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Authorities Issue Arrest Warrant in Sniper Case

Police investigating the Beltway Sniper issued an arrest warrant Wednesday for a 42-year-old former Army soldier they believe has information about the string of terrifying shootings that have left 10 people dead.

Investigators also delivered another message to the sniper, complying with a request to say: "We have caught the sniper like a duck in a noose."

Montgomery County Police Chief Charles Moose said the man, John Allen Muhammad, should be considered "armed and dangerous" and that he was being sought on a federal weapons charge.

He also cautioned that the public should not assume Muhammad is involved in any of the shootings that have stricken the Washington area since Oct. 2 that have also left three people critically wounded.

Moose identified Muhammad as a 6-foot-1, 180-pound black male who also goes by the name John Allen Williams, and authorities released a photograph showing a clean-shaven man with closely cropped hair. He also said a juvenile may be accompanying Muhammad.

He did not identify the juvenile, but a law enforcement source identified him as 17-year-old Lee Malvo.

Moose also issued another direct message to the sniper:

"Let's talk directly. We have an answer for you about your option. We are waiting for you to contact us."

"You asked us to say 'We have caught the sniper like a duck in a noose.' We understand that hearing us say that is important to you," Moose said. "Let's talk directly. We have an answer for you about your option. We are waiting for you to contact us."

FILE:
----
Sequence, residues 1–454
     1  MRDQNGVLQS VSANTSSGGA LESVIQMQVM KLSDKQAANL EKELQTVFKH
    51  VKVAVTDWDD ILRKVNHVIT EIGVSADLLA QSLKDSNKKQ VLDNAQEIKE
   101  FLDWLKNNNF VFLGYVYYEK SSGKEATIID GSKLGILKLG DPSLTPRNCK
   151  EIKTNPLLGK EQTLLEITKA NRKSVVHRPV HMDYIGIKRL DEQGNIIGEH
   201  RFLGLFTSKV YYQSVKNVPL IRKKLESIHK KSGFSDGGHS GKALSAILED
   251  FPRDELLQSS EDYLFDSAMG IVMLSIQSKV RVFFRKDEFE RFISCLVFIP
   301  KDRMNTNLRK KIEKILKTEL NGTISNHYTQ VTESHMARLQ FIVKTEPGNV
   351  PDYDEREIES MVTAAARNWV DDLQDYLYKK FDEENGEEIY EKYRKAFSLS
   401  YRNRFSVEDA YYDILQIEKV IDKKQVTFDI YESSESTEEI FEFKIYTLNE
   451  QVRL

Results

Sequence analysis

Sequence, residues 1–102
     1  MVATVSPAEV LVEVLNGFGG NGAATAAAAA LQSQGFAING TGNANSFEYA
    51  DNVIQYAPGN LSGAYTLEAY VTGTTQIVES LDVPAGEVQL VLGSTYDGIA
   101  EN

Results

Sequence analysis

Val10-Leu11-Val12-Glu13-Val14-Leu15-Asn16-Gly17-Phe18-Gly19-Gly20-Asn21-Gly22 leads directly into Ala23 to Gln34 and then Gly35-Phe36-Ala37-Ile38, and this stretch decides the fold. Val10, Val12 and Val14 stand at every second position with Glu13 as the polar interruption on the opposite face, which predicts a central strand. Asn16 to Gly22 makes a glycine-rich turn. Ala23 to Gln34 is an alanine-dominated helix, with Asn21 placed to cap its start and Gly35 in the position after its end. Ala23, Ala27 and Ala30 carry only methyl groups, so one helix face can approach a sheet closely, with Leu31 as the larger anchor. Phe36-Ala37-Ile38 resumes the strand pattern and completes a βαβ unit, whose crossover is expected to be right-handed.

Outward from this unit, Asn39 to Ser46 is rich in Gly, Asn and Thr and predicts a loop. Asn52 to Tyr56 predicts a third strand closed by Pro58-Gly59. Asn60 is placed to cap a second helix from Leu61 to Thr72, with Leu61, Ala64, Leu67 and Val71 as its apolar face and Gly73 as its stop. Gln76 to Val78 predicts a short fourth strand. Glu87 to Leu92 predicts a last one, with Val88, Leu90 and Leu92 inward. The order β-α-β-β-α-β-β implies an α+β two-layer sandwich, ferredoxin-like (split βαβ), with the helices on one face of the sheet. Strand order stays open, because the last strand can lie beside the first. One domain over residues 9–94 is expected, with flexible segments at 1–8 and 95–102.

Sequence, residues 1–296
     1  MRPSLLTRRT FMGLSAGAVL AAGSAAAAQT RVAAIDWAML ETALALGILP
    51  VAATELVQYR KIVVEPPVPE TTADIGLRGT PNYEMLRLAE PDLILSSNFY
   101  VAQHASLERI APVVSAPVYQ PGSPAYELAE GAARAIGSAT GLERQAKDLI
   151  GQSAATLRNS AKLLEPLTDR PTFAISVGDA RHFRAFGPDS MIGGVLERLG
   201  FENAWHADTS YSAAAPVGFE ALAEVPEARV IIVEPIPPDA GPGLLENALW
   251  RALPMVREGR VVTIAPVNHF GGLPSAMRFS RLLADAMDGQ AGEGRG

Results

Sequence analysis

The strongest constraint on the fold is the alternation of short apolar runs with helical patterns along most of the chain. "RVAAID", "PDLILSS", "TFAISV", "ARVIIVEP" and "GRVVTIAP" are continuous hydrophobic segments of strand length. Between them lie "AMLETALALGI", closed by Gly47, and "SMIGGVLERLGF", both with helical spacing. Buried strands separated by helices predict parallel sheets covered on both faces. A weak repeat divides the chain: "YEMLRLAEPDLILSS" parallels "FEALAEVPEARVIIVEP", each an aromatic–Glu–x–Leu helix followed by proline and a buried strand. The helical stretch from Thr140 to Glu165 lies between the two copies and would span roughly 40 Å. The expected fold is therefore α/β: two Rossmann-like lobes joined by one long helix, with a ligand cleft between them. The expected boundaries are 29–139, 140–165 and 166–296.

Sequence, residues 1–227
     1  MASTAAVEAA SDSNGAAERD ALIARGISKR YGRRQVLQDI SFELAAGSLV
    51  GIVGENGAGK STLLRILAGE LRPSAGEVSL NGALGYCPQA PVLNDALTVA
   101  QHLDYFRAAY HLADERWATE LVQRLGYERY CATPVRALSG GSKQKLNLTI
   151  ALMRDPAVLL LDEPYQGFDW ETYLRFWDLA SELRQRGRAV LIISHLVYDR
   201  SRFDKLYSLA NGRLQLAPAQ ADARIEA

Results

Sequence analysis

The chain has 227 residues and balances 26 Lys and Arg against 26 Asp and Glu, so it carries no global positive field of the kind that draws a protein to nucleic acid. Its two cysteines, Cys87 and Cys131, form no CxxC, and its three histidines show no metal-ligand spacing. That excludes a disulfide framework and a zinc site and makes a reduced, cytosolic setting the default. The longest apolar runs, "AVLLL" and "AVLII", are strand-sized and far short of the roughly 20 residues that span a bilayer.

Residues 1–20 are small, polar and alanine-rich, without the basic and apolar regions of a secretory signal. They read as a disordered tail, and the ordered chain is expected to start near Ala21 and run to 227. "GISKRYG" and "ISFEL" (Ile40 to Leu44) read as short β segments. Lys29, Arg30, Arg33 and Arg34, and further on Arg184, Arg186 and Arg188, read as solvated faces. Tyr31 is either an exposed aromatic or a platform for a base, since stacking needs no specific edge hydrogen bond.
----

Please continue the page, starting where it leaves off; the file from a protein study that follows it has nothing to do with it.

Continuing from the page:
A U.S. official in Washington told Fox News authorities were looking for two "people of interest," Mohammad, formerly connected to Fort Lewis, an Army base south of Tacoma, and Malvo.

Police did not say where they believe the pair might be. They issued an alert for a 1990 blue or burgundy Chevrolet Caprice with the New Jersey license plate NDA-21Z and a 1989 white Chevrolet Celebrity with Maryland plates reading ZWE-510.

Earlier this month, police said they were looking for a burgundy Caprice seen near a fatal Oct. 3 shooting by the sniper in the District of Columbia.

Muhammad's ex-wife, Mildred, was being questioned by the FBI Wednesday, said Adele Moses, who identified herself as the woman's sister. She said Mildred was living with her in Clinton, Md., southeast of Washington.

The Pierce County, Wash., sheriff's office said Muhammad was once stationed at Fort Lewis — an Army post south of Tacoma that provides some of the most intense sniper training in the military.

The FBI searched a back yard in Tacoma that they believe may be related to the probe Wednesday night.

Law enforcement sources told Fox News that search warrants related to the serial sniper case were served in various parts of the country Wednesday evening.

The sources said these multiple warrants included some in the D.C. area and at least one search warrant was executed in Marion, Ala.

The FBI is searching a location near Marion, Ala., known as Camp Ground Zero USA — a place known to train militia groups. FBI sources told Fox News "they are not at liberty to comment" on the investigation and cannot confirm or deny their agents are investigating Camp Ground Zero USA.